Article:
Monday 27 May 2013

Lost Track: Circuits of the Yore XII - Dutch Grand Prix - Part I

Last Turn of Circuit Park Zandvoort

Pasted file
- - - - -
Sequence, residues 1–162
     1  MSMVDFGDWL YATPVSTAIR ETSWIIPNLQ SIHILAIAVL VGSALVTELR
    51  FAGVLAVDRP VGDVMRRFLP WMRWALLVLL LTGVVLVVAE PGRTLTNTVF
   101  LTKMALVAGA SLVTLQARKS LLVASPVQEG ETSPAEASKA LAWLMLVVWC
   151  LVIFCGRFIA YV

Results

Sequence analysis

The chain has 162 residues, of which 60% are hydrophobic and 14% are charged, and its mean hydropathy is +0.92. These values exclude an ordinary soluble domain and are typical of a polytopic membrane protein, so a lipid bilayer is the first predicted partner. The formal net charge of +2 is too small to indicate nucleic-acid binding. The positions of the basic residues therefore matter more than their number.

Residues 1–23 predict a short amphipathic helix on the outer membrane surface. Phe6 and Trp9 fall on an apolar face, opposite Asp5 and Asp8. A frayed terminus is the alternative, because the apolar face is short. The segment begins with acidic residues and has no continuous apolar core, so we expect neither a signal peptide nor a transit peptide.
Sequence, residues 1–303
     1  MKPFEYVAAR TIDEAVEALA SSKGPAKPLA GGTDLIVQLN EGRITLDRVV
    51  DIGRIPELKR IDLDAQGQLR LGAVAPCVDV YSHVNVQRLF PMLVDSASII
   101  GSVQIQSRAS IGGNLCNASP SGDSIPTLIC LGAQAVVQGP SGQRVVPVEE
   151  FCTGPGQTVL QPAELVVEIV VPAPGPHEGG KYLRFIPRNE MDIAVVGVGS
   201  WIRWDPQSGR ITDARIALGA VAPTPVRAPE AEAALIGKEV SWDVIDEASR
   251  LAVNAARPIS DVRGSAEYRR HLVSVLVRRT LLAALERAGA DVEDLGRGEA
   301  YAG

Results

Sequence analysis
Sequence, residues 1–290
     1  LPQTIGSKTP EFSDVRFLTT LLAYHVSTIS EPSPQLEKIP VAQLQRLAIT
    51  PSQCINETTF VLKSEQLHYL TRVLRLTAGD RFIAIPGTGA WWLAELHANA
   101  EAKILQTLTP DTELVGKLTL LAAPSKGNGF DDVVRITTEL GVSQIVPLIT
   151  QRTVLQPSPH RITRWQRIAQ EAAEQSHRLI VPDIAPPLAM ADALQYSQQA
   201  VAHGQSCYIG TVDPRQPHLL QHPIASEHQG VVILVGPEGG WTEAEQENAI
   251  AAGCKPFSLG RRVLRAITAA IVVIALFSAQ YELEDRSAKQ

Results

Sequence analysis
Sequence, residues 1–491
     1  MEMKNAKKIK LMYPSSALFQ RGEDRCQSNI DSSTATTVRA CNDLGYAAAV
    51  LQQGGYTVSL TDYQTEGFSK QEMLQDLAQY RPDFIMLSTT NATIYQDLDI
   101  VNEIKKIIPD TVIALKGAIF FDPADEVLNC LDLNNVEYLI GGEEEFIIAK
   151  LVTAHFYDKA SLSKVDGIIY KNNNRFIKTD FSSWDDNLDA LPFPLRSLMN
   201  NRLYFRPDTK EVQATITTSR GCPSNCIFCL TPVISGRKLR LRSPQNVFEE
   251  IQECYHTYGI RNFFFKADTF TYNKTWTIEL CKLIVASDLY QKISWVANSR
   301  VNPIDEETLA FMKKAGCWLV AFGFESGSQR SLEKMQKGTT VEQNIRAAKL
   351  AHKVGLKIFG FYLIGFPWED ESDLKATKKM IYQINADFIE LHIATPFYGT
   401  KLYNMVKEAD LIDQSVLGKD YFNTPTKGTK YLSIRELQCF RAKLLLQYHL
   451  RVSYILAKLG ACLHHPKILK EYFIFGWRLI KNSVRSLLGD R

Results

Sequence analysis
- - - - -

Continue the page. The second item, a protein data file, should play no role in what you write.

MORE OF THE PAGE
Two memories come to my mind as I write this. Mind you, these are just the two out of many memorable ones I have since the time I have known F1. The decision to visit Singapore GP and watching the first ever night race in 2008 tops the list and secondly driving around the streets of Monaco to complete a lap on a busy traffic day. I was happy with the latter because I tested myself mentally with the circuit route to replicate the one used in Monaco Grand Prix. Let’s just say it was more than satisfying. BMW X5 driven by my co-brother is not such a bad car, but the traffic made sure we went in the speed range comparable to the pit lane speed limits. I always wondered then, how it would be to drive on a purpose built F1 circuit. In this edition of Lost Track: Circuits of the Yore, I write about Dutch Grand Prix (in two parts), about the Circuit Park in Zandvoort where a race was completed without a single pit stop and notoriously known for few appalling deaths on track of the likes of Piers Courage who incidentally was born today a good 71 years ago and Roger Williamson (in Part II).